DX: Also, in regards to visual art, you’ve also been working on an art book with your original work that is anticipated to come out this year. How has that been going?

Jeremiah Jae: Yeah, I’ve been working on that. That’s kind of like an album in itself, ‘cause you know how people say their first album takes their whole life to do. It’s a compilation of sketches, notes, little doodles and more refined, complete works. I’m still kind of working on it all the time; whenever I doodle something, I’m like, “Yeah, this will go on it.” So hopefully it will be out this year, and it will also be released with the LP that I’m planning on dropping for Warp. It’s just artwork. I went to art school, I’ve studied a lot of artists and art history, and I’ve always been into books that have the whole retrospective on an artist. I feel like an artist outside of being a rapper/producer. I feel like more of an artist as a title and being able to take from any medium and kind of make something, so it’s really just about that. It’s about the ideas in my head and the works that I’ve been doing since I was like a little kid to now, just so people can see more of where I’m coming from.

DX: How would you say that your creative process between music and visual art differ or relate?

Jeremiah Jae: They’re similar in that with art, it’s like sometimes I need a reference point. Say collage for instance, I like to collage a lot, and it’s the same with me sampling music. I like to sample and make something completely different out of a sample or just loop a sample, and it’s the same with a collage. Sometimes I like to take an image and just use that and make it something different. And it’s just all kind of how I communicate better really. I communicate better through music and art in my opinion; I’m not as social as other people. I don’t really like to talk to people that much. I’m kind of more introverted, but how I do talk and how I prefer to talk is through the music. So yeah, they definitely both relate.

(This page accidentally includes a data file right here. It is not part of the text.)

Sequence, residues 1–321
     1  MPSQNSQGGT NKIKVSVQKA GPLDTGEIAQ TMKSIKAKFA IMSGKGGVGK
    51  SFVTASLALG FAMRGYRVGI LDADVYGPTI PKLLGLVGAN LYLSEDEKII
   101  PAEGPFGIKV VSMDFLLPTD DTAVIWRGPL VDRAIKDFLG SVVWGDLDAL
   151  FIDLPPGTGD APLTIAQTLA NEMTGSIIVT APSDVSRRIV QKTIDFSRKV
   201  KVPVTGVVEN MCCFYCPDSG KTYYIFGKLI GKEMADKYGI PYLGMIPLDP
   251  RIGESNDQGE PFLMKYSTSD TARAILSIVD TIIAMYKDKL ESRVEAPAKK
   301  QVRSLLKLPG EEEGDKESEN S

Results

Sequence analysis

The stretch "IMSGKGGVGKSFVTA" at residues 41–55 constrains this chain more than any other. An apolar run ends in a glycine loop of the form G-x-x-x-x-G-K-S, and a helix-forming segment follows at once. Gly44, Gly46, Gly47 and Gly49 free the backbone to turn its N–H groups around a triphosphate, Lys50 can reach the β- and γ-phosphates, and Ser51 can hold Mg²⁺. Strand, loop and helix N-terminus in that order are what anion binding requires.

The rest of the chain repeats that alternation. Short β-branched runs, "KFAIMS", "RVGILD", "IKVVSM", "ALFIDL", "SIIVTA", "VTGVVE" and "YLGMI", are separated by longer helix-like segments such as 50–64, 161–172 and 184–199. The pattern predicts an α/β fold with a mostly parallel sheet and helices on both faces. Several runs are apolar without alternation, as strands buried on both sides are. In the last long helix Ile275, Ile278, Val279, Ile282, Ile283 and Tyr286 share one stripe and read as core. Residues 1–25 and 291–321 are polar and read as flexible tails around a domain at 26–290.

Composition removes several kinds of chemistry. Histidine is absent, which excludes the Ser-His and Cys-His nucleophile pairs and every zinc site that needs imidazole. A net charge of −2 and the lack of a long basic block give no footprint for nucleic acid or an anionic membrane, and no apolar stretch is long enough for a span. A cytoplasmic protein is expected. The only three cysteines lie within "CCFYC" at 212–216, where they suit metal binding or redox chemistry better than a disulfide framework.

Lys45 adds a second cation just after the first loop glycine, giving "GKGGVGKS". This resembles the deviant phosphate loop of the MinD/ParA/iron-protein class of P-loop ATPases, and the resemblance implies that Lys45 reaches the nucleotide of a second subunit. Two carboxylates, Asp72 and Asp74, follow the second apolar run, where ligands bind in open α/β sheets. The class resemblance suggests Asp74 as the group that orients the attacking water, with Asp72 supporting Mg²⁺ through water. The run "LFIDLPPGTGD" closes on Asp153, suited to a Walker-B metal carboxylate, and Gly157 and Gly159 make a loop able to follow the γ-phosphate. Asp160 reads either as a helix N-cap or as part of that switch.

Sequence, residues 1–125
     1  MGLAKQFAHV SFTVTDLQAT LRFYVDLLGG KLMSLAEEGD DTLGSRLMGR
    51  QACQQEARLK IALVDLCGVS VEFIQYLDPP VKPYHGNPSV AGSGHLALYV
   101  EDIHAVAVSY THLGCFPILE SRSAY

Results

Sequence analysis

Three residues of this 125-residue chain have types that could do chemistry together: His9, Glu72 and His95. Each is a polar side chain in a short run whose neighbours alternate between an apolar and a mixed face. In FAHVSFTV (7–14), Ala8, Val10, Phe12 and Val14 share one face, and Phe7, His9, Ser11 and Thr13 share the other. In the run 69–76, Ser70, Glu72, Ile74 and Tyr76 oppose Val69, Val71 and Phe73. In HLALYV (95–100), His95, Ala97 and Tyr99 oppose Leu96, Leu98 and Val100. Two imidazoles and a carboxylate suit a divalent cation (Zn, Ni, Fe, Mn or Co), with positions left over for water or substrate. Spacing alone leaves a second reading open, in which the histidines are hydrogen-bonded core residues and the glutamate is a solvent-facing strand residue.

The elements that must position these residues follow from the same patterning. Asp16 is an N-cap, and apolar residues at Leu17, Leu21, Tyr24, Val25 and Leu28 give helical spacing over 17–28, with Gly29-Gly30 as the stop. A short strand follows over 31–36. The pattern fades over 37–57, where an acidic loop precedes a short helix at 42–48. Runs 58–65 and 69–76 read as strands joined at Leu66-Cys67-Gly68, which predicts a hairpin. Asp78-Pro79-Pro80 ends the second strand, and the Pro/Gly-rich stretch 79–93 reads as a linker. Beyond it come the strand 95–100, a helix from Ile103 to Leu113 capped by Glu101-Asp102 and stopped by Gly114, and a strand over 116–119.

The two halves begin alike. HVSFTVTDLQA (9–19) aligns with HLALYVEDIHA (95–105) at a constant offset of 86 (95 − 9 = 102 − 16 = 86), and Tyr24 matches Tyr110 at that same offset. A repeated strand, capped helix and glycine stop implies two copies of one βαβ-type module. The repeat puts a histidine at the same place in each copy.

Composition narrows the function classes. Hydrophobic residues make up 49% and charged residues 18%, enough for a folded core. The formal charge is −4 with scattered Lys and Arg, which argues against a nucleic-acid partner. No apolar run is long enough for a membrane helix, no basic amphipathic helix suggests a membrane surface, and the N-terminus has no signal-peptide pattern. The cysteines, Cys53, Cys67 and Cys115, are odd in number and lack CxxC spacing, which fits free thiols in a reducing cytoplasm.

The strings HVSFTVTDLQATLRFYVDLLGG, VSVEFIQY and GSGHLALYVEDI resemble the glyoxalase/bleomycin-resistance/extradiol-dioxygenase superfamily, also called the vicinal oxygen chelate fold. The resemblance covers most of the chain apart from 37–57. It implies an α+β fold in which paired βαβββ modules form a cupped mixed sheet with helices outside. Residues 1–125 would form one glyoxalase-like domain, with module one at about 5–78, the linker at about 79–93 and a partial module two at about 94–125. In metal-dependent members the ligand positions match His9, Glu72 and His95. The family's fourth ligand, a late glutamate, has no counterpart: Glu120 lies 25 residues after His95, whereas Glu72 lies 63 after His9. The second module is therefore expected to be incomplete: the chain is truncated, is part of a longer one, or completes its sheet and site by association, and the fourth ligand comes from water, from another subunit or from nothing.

Jeremiah Jae Calls Sampling A Form Of Communication

DX: That kind of leads into on of my final questions. In your interview with ResidentAdvisor.net, you described sampling as a way to communicate. Can you break that down a bit more?

Jeremiah Jae: Well I think it’s important to note I was inspired by groups like Wu-Tang really early on. Before I was listening to any other Hip Hop, it was like Wu-Tang, Beastie Boys and a whole bunch of other stuff like listening to the radio play P. Diddy and Biggie, and that was before I was really into Hip Hop. I didn’t know what it was, and I was just trying to figure out how to sample that stuff—especially Wu-Tang. I’m still in love with Wu-Tang...how they flipped kung fu movies, that whole philosophy behind it and how they related it to themselves. I thought that shit was amazing to me growing up. And it’s the same kind of thing with Good Times or any kind of conceptual thing I’ve put together like RawHyde or anything like that.

I just want to relay the past to the future into the present and take something that you may have heard a bunch of times and flip it in a completely new way. I think it can communicate something completely different. So yeah, like I said Wu-Tang and Dilla just helped me kind of figure out how I could communicate and speak to people. I also play instruments. I have a lot stuff I’m going to put out in the future with no samples, but I feel like I’ve been called more to sampling just to do that. To flip stuff and relate it to the modern day that we live in is like a conversation, but it’s really however you want to take it and interpret it. It’s up to the listener.

 

Jeremiah Jae’s latest mixtape, “Good Times,” is available as a free download via DatPiff.com.